The book is not meant to be a critical appraisal of India’s diplomatic history. It documents the significant events that the Rashtrapati Bhavan hosted during the 1950s and 1960s. However, Matthew’s success lies in the way he weaves a narrative around these events to give readers a glimpse of India’s emerging diplomatic excellence. His academic training as a PhD in international relations helped him do so, he said. The book presents an eclectic mix of photographs, stories, events and important details of the presidential residence to present a comprehensive picture to readers.

Readers may choose to read it as a coffee-table book or a document that tells you about India’s emergence as a global power. In both ways, it is an entertaining and informative journey.

Through the presidential residence

The foregrounding of the 29-room, three-storey “guest wing” or north-west wing of the Rashtrapati Bhavan as witness to these events also provides a visual history of the early period of the Indian political system. The hospitality the Rashtrapati Bhavan extended to all its guests embodies the spirit of atithidevobhava, as has been noted in the book. The book tells the readers of the immense efforts on the part of the officials to arrange for a memorable stay for the guests.

Matthew got in touch with retired staff of the Rashtrapati Bhavan to recreate stories around that time. As a result, the book becomes an important resource to understand how India’s founding fathers asserted its independence in the world and how the most significant colonial heritage, the Rashtrapati Bhavan, played an important role in it. Eisenhower, who stayed in the guest wing in 1959, said: “Although I have, through many years, become largely insensitive to the appointments to the quarters where I lay my head, I must confess I experienced a feeling of amazement in the Rashtrapati Bhavan.”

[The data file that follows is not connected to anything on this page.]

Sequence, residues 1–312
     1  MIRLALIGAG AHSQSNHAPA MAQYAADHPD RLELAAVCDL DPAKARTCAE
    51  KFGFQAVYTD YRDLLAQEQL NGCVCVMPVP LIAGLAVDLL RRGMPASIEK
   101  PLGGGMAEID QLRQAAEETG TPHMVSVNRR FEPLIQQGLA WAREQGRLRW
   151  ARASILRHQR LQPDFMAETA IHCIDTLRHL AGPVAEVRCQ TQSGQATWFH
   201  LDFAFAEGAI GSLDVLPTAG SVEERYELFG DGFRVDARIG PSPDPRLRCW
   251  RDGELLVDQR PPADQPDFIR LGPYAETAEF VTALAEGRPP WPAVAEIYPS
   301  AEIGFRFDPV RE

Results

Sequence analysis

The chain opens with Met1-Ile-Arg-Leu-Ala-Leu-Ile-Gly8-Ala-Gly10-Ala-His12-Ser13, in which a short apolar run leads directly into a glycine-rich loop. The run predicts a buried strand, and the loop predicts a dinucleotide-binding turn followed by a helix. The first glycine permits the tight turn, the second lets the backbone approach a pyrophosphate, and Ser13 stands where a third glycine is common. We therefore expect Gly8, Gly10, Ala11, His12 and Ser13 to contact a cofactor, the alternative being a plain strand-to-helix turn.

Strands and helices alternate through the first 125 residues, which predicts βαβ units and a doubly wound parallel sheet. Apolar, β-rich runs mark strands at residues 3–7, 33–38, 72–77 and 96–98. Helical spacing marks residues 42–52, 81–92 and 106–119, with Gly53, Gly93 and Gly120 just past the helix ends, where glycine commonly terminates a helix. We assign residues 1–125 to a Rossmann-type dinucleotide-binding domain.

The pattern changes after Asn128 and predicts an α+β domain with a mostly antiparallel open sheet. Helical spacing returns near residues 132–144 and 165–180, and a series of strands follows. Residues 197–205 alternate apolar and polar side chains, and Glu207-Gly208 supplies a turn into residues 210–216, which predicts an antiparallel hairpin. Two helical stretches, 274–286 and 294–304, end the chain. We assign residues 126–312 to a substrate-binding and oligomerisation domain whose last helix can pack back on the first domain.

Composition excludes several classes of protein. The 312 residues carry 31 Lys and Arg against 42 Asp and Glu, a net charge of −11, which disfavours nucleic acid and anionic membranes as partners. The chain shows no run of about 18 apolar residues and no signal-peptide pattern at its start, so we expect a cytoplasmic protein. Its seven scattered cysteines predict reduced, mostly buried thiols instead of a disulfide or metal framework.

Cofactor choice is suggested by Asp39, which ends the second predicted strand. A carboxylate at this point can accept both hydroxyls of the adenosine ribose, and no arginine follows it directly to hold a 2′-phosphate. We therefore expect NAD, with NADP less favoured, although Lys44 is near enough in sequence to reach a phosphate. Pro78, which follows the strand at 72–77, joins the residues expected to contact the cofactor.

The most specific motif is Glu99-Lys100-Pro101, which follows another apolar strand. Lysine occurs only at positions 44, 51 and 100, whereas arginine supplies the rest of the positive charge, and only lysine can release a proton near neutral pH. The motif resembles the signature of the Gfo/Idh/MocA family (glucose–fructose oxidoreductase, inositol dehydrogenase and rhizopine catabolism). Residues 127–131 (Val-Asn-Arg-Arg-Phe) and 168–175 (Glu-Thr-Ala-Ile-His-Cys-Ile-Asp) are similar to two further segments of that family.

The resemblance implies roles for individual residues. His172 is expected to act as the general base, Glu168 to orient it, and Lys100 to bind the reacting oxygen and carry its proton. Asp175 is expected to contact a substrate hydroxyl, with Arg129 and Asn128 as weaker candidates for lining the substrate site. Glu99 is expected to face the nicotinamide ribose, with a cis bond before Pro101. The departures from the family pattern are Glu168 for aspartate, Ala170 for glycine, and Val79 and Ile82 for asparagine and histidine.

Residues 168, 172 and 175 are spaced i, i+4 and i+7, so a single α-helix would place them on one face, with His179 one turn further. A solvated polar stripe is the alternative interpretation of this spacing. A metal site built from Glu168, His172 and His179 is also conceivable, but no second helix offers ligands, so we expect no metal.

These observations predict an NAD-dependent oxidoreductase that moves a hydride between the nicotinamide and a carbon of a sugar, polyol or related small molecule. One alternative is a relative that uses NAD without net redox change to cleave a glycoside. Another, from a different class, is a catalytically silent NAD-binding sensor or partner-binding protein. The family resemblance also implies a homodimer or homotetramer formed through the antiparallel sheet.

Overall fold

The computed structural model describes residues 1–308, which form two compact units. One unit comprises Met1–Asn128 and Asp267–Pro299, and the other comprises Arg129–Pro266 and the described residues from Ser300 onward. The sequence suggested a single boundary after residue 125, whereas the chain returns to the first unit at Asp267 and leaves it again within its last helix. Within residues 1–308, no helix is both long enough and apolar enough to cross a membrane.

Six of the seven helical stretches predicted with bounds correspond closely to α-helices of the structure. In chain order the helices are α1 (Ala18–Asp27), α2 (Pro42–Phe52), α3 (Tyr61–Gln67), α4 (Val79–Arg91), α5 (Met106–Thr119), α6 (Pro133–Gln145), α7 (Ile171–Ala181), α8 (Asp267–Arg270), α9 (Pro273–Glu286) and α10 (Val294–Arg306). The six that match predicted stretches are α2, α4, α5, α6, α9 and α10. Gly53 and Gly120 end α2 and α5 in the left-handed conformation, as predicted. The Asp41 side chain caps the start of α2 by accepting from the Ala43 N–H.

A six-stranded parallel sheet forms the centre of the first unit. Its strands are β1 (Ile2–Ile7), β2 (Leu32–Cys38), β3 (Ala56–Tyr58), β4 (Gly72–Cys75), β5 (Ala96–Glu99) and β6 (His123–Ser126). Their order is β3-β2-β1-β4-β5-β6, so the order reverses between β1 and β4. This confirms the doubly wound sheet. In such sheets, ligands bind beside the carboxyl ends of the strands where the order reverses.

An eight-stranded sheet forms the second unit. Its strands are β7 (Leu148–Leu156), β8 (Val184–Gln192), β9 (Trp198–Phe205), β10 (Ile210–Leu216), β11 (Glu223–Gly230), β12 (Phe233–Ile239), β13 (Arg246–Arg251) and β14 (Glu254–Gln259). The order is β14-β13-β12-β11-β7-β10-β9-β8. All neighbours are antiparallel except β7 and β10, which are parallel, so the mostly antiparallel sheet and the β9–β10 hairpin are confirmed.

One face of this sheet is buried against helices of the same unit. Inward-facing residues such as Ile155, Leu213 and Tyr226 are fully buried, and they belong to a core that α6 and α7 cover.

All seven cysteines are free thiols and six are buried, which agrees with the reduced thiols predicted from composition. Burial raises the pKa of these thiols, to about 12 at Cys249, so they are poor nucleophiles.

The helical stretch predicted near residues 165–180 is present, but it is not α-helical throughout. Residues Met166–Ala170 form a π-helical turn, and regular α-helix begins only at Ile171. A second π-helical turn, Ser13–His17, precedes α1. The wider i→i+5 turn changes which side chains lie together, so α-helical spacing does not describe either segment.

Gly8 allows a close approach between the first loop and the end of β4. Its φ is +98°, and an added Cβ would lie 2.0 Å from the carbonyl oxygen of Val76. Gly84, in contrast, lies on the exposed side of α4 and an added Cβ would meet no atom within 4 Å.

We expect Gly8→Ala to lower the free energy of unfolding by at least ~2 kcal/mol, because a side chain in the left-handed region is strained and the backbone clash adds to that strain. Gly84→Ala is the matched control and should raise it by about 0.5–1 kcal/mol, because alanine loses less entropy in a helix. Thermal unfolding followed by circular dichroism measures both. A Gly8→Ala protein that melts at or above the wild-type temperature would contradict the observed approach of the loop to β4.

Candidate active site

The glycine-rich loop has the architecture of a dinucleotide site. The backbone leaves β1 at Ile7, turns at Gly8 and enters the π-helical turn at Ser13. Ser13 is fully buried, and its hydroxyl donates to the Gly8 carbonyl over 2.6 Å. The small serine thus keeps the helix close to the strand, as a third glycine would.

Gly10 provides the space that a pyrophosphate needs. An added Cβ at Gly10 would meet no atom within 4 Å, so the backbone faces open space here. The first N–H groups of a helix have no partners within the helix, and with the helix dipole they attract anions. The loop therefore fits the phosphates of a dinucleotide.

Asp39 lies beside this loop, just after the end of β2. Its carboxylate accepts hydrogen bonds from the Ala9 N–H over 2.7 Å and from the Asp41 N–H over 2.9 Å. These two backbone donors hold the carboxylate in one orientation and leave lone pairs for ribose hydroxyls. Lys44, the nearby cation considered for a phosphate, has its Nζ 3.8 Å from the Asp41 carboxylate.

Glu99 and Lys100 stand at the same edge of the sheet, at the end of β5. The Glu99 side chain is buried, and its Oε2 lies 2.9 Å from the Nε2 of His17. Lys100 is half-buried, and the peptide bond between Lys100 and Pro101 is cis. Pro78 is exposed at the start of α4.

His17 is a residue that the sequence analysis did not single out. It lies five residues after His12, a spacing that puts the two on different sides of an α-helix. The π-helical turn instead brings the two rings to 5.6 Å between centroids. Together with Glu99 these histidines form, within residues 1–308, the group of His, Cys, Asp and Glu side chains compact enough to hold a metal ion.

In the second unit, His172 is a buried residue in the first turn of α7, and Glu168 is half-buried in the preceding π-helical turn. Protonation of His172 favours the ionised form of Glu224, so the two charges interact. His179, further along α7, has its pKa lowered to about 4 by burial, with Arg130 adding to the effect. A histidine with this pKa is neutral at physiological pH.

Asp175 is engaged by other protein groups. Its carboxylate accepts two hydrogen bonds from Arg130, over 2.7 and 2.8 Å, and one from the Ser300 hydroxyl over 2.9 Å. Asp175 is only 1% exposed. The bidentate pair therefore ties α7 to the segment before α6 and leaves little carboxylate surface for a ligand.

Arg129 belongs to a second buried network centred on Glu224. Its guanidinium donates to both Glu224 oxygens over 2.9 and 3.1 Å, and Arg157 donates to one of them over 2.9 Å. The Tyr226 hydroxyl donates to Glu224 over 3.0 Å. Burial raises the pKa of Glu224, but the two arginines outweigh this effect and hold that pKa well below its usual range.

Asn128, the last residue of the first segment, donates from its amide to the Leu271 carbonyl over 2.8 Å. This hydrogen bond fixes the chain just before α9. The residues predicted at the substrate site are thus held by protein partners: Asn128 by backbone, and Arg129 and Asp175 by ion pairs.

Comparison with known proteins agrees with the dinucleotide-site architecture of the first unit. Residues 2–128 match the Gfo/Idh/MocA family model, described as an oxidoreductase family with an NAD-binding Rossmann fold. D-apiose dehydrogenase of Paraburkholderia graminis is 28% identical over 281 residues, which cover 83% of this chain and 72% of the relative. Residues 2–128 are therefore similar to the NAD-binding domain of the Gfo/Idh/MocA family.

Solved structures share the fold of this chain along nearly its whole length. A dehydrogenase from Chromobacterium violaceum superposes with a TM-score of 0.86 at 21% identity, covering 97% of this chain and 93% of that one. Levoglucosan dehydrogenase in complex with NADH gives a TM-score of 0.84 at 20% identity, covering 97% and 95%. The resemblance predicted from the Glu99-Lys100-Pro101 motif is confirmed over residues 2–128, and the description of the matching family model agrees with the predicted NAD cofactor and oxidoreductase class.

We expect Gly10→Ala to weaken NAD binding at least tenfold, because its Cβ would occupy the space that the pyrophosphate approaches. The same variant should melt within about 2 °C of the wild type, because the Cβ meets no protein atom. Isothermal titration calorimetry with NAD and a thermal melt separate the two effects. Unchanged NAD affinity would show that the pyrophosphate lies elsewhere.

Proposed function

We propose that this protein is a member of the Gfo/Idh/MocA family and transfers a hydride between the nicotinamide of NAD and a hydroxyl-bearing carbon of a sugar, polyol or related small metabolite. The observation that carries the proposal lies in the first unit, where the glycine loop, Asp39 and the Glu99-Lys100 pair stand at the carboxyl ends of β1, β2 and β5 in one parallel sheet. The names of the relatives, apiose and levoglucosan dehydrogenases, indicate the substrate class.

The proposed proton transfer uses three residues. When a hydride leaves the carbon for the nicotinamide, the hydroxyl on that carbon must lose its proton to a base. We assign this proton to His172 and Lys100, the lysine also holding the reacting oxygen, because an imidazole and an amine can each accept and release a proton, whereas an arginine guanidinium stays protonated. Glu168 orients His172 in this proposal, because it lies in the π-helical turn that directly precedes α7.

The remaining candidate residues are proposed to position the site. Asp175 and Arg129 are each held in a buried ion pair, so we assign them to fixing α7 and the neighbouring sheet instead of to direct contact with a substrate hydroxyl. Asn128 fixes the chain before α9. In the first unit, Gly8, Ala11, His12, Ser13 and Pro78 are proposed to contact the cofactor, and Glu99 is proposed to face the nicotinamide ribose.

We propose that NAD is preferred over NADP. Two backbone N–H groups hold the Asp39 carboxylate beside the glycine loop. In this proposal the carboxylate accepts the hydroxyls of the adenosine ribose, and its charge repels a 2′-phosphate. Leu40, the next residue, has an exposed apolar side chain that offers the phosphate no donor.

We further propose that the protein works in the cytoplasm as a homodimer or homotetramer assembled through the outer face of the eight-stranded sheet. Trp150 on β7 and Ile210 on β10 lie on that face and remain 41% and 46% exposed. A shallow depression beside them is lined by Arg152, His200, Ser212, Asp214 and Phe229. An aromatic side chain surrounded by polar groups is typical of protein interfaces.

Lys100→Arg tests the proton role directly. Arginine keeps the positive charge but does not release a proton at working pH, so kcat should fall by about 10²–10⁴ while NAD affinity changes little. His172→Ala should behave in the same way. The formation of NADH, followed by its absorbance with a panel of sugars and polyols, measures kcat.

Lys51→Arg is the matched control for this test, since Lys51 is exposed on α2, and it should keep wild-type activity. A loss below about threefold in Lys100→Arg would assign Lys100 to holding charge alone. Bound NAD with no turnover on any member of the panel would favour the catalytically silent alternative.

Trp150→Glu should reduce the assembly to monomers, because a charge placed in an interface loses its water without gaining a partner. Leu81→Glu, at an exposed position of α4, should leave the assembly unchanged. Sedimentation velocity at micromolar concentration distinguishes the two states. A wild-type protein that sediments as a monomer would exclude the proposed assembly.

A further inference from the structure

At a time when there is a sustained attempt to erase histories written by the founding fathers of our nation, the book comes across as a document of immense value. Looked at in today’s context, the book is a must-read to assess the changes and continuities in Indian diplomacy.

It is also important to know how India got the respectability it has in the world because it chose to remain outside the Cold War dynamics—a vision envisaged by Nehru—and chart its own course as a republic. It made itself truly independent when it came to the question of aligning with nations. Sometimes, it was strategic, and sometimes it was moral. In all these tactical moves, India showcased its pluralistic and syncretic character, an aspect that intrigued all the world leaders. Finally, the book is about the warmth and compassion that India showed to the world.